# What causes atmospheric pressure: gravity or molecular collisions?

• ovais
In summary: Both gravity and molecular collisions contribute to the overall pressure of a gas. Gravity is what creates the weight of the air column, which in turn exerts a force on the surface of the Earth. This force is then distributed evenly across the surface, creating atmospheric pressure. Molecular collisions also play a role in maintaining this pressure, as the molecules constantly collide with each other and with the surfaces around them. In summary, both gravity and molecular collisions are necessary components in understanding the cause of atmospheric pressure.
ovais
Hello All,
It is said that Earth has an envelope of gases (air) surrounding it and that due to gravity the weight of this envelope of air exerts a force: on the surface of Earth and any thing on it. The weight of air column on any surface divided by the area of the surface is always a constant quantity no matter what is the value of that area, and this very quantity is what we call the atmospheric pressure at that place. This seems quiet simple to understand. Things however complicate the matter (at least for me) when then the kinetic model of gas speaks of molecular collision (with the contact surface) as a reason for gas pressure.Imagine an open empty vessel (with air) at atmospheric pressure as per the kinetic model the molecules of the gas continue collide with the cylinder wall and thereby exerts pressure on the walls and every where inside the vessel. Now I sealed the vessel top keeping the inside pressure the same. The gas inside the vessel pushes the vessel walls outward trying to burst the vessel but as such the outer air also exert equal pressure to vessel walls inwards the vessel is thus neither collapsing nor bursting. But look what happen if this air filled sealed vessel is taken to a zero gravity space with no atmosphere?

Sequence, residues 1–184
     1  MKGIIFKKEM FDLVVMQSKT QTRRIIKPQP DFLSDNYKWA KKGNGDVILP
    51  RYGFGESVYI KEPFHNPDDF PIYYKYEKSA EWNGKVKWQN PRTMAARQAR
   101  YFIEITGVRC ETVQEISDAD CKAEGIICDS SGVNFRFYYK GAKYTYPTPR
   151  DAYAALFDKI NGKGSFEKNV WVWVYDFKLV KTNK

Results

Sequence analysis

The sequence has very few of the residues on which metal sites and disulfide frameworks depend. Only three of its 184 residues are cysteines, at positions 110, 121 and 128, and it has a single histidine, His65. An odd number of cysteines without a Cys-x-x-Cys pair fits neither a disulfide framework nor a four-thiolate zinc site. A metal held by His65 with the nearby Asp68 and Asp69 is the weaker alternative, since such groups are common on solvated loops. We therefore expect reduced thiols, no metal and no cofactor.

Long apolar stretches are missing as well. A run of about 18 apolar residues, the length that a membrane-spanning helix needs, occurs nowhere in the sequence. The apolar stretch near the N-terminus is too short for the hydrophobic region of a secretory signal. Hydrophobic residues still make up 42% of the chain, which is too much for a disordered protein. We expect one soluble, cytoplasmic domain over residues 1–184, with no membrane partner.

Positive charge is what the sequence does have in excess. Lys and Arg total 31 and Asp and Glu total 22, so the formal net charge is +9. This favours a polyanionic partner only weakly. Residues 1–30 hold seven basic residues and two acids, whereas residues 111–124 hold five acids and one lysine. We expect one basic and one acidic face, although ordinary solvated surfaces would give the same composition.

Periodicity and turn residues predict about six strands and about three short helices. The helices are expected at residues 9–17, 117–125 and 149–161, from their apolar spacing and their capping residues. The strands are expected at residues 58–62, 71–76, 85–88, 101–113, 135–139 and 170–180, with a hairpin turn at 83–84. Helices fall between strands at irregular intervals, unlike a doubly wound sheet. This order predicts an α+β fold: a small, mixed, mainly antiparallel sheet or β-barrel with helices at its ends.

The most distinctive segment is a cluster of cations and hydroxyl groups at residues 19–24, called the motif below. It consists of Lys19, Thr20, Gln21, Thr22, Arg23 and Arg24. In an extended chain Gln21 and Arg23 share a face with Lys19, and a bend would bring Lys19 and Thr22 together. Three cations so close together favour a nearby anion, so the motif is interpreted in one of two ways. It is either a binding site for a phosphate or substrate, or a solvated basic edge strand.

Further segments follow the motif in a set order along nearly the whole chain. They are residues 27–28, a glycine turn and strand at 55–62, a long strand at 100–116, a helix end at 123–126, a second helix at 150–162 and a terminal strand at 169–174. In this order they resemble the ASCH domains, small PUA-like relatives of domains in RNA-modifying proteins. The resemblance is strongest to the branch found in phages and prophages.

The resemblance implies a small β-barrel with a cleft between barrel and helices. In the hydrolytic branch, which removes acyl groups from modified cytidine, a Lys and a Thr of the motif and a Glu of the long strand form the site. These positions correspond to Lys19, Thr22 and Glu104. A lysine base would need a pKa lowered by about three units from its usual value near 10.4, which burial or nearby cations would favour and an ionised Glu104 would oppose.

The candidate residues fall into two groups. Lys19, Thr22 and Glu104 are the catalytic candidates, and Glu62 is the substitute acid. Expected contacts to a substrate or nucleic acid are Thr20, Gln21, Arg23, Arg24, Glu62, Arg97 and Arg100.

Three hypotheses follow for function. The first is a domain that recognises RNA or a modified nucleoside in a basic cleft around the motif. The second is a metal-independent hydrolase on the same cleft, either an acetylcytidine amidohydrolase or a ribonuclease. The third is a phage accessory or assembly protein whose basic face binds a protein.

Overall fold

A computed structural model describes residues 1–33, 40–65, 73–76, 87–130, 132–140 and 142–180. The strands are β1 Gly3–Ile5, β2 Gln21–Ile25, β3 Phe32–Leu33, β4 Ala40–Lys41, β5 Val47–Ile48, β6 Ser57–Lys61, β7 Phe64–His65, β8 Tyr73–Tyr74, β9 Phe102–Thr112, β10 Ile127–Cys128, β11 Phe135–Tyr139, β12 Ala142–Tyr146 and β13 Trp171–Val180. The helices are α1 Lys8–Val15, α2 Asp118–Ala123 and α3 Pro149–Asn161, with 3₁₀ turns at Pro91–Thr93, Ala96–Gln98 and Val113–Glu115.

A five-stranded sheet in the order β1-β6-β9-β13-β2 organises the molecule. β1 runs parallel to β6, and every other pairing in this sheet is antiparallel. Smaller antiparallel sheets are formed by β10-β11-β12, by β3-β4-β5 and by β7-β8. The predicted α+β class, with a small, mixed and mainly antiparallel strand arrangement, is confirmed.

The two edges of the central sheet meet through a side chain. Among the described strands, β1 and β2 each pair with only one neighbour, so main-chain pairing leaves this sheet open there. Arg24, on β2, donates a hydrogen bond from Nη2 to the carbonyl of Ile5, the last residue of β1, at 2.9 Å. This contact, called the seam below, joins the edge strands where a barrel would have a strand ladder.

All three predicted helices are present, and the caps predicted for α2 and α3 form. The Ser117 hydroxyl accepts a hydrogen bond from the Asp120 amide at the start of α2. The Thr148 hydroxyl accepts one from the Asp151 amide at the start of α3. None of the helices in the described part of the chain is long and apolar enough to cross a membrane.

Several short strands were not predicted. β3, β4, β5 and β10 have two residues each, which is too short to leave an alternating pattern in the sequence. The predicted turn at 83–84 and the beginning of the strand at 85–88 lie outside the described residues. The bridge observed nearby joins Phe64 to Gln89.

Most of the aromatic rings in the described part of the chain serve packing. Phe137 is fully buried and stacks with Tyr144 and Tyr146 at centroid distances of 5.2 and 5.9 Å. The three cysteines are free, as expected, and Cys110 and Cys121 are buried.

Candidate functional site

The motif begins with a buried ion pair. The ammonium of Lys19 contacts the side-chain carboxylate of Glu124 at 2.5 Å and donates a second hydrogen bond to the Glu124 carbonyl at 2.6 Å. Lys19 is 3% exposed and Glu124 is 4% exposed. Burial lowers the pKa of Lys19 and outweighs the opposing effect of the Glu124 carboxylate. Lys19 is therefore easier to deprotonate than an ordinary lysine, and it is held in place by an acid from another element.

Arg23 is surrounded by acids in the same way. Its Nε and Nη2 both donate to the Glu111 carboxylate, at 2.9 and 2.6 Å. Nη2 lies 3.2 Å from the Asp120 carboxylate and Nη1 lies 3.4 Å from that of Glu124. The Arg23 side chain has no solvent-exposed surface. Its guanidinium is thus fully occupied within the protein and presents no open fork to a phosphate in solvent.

The two possible answers will be very different if one is answered thinking gravity(weight) and other molecular collisions as a cause of molecular collision.